A dog’s dog

By David Dickson

Some talents and abilities aren’t always easy to spot in others. The next-door neighbor you’ve known for years, for example, might be an incredible singer, but you wouldn’t have a clue if she never sang around you.

Other talents, however, are more visible. Consider Keeter the dog. One of his talents was noticeable a mile away from the moment he came to the Sanctuary.

"His dog skills are unbelievable," explains caregiver Carin Carothers. In two short months at Best Friends, Keeter has already turned into something of a secret weapon for caregivers to use with dogs who have a hard time meeting other dogs.

First impressions


Keeter came to Best Friends from a rescue in Arkansas that was closing its doors. From the very beginning, he got along with just about any dog he met. "He seems to read dogs exceptionally well," Carin says.

If a dog is shy, Keeter takes the lead and initiates playtime. If the other dog is a bit aggressive, Keeter knows how to back off until they’re ready to play. "He’s a goofy kind of playful," Carin says. "He knows how to take that playful side and turn it into a relaxing thing for the other dog."

If at first you don’t succeed

One such meet-and-greet happened not long ago with Honey Bun, a dog at the Sanctuary who hasn’t had a lot of luck with playdates with other dogs. When she met Keeter, Honey Bun ignored him at first. She wanted her personal space. After Keeter took the initiative and wanted to play, she gave him a low warning growl.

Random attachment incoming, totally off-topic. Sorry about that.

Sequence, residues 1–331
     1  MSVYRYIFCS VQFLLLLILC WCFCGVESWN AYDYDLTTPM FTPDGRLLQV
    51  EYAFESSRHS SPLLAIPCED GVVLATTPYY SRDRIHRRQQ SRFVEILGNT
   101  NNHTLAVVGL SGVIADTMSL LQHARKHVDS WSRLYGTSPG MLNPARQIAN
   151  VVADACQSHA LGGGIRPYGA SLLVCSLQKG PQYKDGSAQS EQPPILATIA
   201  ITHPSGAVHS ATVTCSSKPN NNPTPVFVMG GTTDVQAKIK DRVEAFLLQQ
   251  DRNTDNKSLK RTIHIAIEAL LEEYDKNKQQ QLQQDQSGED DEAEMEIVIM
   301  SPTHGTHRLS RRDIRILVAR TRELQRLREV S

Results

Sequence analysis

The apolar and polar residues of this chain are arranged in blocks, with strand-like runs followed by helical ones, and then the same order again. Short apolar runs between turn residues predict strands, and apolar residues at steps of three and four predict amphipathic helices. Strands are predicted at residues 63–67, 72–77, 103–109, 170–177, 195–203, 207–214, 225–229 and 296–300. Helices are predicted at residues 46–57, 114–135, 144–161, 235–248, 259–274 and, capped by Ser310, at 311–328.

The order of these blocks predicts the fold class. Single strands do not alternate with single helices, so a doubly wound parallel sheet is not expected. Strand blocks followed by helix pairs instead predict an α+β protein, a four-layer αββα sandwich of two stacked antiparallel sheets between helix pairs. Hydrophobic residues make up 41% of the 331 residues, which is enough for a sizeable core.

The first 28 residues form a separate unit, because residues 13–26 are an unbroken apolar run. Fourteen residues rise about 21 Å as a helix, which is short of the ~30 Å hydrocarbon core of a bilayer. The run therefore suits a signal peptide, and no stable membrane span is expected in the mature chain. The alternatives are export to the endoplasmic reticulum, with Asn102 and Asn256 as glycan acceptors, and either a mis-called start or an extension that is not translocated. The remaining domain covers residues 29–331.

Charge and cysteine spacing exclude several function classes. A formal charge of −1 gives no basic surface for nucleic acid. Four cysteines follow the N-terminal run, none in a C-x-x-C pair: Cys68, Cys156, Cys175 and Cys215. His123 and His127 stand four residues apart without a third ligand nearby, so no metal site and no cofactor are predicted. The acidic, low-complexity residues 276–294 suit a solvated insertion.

He immediately backed off, but didn’t want to give up permanently. With caregivers there to supervise, Keeter kept trying to entice her to play. And, in 10 minutes, he pulled it off. They started playing chase games. He’d convinced her he wasn’t scary, and Honey Bun had the time of her life zipping and zooming around with him. "Keeter was a rock star," Carin says.

Keeter simply has a knack for making other dogs feel comfortable. He has this laid-back way about him that puts other dogs at ease.

Mr. Friendly

Billy Bob, one of the dogs in his play area, was another challenge in need of a secret weapon. His problems were due to shyness. In the past, Billy Bob has not done well with introductions because of a lack of confidence. He’d get intimidated.


However, Keeter wouldn’t intimidate a fly. He’s simply too friendly. Sure enough, Keeter took the pressure right off from the moment they met. He immediately ran up to Billy Bob and initiated play. Billy Bob responded with enthusiasm, and that was that. They’ve been buds ever since. Best of all, Keeter has been helping Billy Bob become more confident overall.

"Because he’s so nonthreatening, he tends to allow other dogs to grow into their confidence," Carin says.

Keeter’s special abilities may not win him any awards in a talent show, but make no mistake, he has world-class skill. "He is amazing," Carin says.

Improving a dog’s social skills

Not all dogs are as naturally talented as Keeter. But they can all make improvements. Learn more about helping a dog develop social skills.

Photos by Molly Wald